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Real + Virtual: New Horizons for Engagement with Nature

At the Monday morning session “Real + Virtual: New Horizons for Engagement with Nature,” participants learned about ways to use both “real” hands-on natural history specimens and “virtual” digital collections with the public. Session leader Cindy Lincoln of the North Carolina Museum of Natural Sciences (NCMNS), Raleigh, was joined by presenters Steve Turner, also of NCMNS; Bruce J. MacFadden of the Florida Museum of Natural History/University of Florida, Gainesville; Amy Bolton of the National Museum of Natural History (NMNH), Smithsonian Institution, Washington, D.C.; Richard A. Kissel of the Yale Peabody Museum of Natural History, New Haven, Connecticut; and Cynthia Spratley and Steve Fields of the Museum of York County, Rock Hill, South Carolina.

MacFadden described iDigBio, a U.S.-wide initiative to digitize collections in nonfederal natural history museums. Specimens are available both to researchers and to “downstream users,” including fossil clubs and K–12 teachers and students.

Bolton discussed her work on NMNH’s new exhibition Q?rius, which has 32 cabinets with objects visitors can take out and explore. All objects are digitized, and audiences can access information about them by scanning QR codes on the objects, accessing touchscreens in the exhibition, or using the internet at home.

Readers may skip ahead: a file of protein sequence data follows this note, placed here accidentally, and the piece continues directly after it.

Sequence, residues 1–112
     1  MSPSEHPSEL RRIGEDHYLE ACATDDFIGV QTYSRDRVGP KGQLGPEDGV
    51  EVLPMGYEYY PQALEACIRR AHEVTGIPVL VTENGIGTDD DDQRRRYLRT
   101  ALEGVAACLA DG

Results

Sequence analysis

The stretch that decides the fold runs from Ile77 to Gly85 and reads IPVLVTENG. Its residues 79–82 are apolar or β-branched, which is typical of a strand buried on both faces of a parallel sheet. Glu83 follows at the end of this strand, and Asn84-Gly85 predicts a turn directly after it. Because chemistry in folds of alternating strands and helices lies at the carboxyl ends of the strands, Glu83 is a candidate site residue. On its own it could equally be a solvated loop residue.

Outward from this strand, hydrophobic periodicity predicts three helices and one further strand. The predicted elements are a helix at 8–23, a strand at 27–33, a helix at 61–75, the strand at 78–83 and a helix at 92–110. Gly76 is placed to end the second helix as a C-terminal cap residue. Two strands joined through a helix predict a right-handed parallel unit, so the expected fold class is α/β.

Kissel outlined the difference between object-based learning (where audiences can explore single specimens, as in discovery rooms) and collections-based learning (where they have access to a collection of thousands of examples of a single type of specimen). Collections-based learning allows learners to see patterns and draw larger conclusions, and Kissel believes museums need to provide more of these types of experiences. Digitization can be one way to do this.

Fields described the Museum of York County’s Naturalist Center, where visitors can interact with and handle specimens. He said that when visitors have access to specimens, they have more “aha! moments” and meaningful experiences because they are in charge of their own learning.

After the presentations, session attendees moved around the room to discuss the topic in more detail with the panelists at small tables.